2018 Audi RS4 Avant Review
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2018 Audi RS4 Avant Review

The RS4 Avant is Audi’s ‘baby’ performance estate, sitting beneath the RS6 Avant. We get behind the wheel to if there is more to it than just a big boot and blistering performance

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Here is the latest version of Audi’s RS4 Avant. It’s lighter, faster and more powerful than before, and - trying to avoid the cliché -  it really is a car that does everything.

The engine has been downsized from the old V8 to a twin-turbocharged V6 engine. It’s not as if you would notice, though, as you have 443bhp underneath your right foot to play with.  

Economy and practicality are also both improved, making it perfect for family drivers who don’t want to sacrifice performance for the purpose of practicality.

The looks have also been greatly enhanced, with a wider and more muscular stance than the old version. On the inside, Audi has installed its Virtual Cockpit – a driver-focused infotainment system. It’s all very modern, classy and luxurious.


The new RS4 Avant is powered by a 2.9-litre twin-turbo V6. It produces 443bhp and 600Nm of torque, allowing it to get from 0-60mph in a blistering 3.9 seconds.

An eight-speed single-clutch transmission sends power to all four wheels, and allows for superb traction in nearly every weather.

The turbochargers have also been mounted inside of the ‘V’ in the engine. This allows for a sharper power delivery as well as better fuel economy.

Ride and handling

With 443bhp to play with, the RS4 is hugely exhilarating to drive. It’s easy to drive fast, too, thanks to a smooth power delivery.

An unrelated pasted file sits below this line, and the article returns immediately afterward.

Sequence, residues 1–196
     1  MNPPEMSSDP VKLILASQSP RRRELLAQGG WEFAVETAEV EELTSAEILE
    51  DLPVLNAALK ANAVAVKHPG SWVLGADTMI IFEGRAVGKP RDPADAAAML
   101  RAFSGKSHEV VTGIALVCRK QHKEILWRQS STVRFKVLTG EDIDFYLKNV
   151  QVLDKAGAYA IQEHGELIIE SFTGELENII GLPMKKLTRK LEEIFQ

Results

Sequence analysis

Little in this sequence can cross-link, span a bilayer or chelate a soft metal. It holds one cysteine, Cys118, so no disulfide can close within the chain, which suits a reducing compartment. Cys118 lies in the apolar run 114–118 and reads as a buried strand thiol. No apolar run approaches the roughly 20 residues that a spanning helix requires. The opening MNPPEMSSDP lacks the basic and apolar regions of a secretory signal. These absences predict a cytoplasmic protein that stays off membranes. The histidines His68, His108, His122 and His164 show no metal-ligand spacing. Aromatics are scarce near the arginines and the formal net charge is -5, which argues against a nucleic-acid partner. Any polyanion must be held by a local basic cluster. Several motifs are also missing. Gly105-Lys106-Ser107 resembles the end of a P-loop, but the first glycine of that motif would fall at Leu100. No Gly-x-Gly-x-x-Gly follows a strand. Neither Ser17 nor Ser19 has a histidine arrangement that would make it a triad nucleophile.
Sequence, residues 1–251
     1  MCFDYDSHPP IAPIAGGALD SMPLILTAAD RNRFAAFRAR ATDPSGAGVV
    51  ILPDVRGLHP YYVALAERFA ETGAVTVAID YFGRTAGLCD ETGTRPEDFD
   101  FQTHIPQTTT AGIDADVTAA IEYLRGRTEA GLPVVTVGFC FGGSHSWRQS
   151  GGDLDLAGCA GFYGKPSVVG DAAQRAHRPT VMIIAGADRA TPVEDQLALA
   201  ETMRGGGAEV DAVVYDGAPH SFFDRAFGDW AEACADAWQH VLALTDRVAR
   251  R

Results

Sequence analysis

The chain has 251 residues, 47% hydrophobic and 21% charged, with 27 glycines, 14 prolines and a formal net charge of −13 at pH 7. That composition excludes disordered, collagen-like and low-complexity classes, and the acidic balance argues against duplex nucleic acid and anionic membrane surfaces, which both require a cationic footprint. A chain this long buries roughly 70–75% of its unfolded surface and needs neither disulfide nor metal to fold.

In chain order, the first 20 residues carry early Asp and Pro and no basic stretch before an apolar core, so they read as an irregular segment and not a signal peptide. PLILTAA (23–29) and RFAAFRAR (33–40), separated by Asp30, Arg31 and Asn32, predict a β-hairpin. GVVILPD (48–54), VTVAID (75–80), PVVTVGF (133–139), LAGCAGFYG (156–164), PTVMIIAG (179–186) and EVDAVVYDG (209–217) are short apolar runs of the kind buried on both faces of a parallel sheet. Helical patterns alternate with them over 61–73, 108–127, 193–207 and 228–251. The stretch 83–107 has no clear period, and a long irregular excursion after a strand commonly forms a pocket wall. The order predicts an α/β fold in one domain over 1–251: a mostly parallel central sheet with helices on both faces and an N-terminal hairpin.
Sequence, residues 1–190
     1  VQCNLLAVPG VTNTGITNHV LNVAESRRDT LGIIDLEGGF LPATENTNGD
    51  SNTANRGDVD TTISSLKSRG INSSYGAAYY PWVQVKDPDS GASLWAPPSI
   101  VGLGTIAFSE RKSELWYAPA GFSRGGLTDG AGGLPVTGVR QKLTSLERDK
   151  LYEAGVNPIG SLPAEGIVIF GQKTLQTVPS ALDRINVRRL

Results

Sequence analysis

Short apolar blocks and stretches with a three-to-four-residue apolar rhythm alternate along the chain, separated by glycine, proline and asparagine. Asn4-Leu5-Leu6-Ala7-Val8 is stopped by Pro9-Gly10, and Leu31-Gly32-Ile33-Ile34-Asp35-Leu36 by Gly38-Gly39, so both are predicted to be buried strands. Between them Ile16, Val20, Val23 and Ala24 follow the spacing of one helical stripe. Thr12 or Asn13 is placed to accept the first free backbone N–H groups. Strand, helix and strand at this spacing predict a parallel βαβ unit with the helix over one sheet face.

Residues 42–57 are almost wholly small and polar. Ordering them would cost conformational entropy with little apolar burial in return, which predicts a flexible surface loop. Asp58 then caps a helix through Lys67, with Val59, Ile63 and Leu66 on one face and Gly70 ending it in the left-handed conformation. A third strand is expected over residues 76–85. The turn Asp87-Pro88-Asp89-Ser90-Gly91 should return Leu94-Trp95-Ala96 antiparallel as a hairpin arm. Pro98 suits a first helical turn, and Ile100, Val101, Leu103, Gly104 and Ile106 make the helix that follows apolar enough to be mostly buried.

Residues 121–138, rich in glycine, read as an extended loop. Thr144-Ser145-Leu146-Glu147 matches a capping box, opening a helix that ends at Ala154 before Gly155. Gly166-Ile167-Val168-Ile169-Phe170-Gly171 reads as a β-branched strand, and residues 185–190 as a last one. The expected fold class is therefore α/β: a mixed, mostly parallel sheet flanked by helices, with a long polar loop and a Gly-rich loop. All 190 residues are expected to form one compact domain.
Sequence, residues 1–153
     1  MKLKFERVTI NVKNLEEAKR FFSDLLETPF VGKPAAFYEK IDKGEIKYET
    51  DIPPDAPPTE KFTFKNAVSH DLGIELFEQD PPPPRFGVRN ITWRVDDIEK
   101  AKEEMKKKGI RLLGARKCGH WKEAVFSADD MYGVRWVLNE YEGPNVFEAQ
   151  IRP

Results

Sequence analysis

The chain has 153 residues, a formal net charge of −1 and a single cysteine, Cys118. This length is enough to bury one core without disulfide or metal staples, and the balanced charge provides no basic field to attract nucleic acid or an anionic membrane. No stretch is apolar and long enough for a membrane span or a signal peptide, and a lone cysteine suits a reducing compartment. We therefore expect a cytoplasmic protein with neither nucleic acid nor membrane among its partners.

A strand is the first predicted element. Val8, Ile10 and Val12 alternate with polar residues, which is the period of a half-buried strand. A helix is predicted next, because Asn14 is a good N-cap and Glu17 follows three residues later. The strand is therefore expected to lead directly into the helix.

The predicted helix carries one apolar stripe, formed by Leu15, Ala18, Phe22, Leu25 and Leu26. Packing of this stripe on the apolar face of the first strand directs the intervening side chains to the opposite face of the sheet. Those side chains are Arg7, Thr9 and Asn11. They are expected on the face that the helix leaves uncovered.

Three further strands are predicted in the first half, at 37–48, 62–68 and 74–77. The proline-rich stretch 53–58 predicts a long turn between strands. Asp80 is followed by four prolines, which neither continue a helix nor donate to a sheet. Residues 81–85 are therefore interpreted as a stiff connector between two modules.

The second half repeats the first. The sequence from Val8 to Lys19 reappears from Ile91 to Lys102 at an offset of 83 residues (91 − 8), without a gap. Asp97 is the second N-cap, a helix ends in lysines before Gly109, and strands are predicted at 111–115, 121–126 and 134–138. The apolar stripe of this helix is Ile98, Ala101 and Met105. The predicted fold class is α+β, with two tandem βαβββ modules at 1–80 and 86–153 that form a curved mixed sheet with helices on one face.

For a single-clutch gearbox, the gearshift changes are incredibly smooth in automatic mode, and sharp when you stick it in manual. The quattro all-wheel-drive system also allows for excellent traction.  

The negative with the RS4 Avant is the ride. In regular guise, it is just far too firm to use on UK roads. We also had a go in a car fitted with the optional dynamic chassis, and it’s certainly a box that is worth ticking. It transforms the RS4 Avant, making it more user-friendly, and, more to the point, pleasant to use on British roads.

Interior and equipment

As with any Audi, the interior of the Avant impresses. The RS4 is no exception. All interior surfaces are finished in high quality materials, and it’s very well put together. Even the sports seats are comfortable and supportive, with plenty of adjustment, while you sit low in the seats.

It’s still spacious, too, thanks to good rear legroom and even a sloping roofline doesn’t seem to impede on headroom. The boot is also very spacious, and is really a big part of what makes up a fast estate. Yet, despite its monstrous performance, the RS4 is perfectly comfortable and spacious to cover long journeys in.

On the equipment front, the RS4 comes as standard with Audi’s Virtual Cockpit system, a 10-speaker sound system and sports seats trimmed in nappa leather. It’s very well-equipped, although you would hope for a £60,000 fast estate.


The RS4 is not a cheap car, starting at £62,175 for even a ‘basic’ car. Tick a few boxes, though, and this price will soon start shooting up. One option we would definitely go for is the previously mentioned Dynamic Chassis Control, although it is pricey as a £2,000 option.

Audi is also releasing a Carbon Edition model, that costs £72,175. It includes matrix LED headlights, an RS sports exhaust and a raft of carbon-fibre styling extras.

As for running costs, the RS4 Avant is thirsty, but not as bad on fuel as you might expect for a 440bhp petrol estate car. Downsizing the engine has improved the running costs, managing 32.1mpg on the combined cycle, with CO2 emissions of 200g/km.


The new RS4 remains true to Audi’s philosophy for a performance estate. It is fast, hugely practical and very well built. It combines supercar pace with everyday usability, in an extremely good-looking and luxurious package.

It’s a bit expensive, though, and it’s annoying that you have to choose options to get the spec it should have been when it came out of the factory – the optional ride mainly. But otherwise, it is one of the best everyday sports cars currently on the market.

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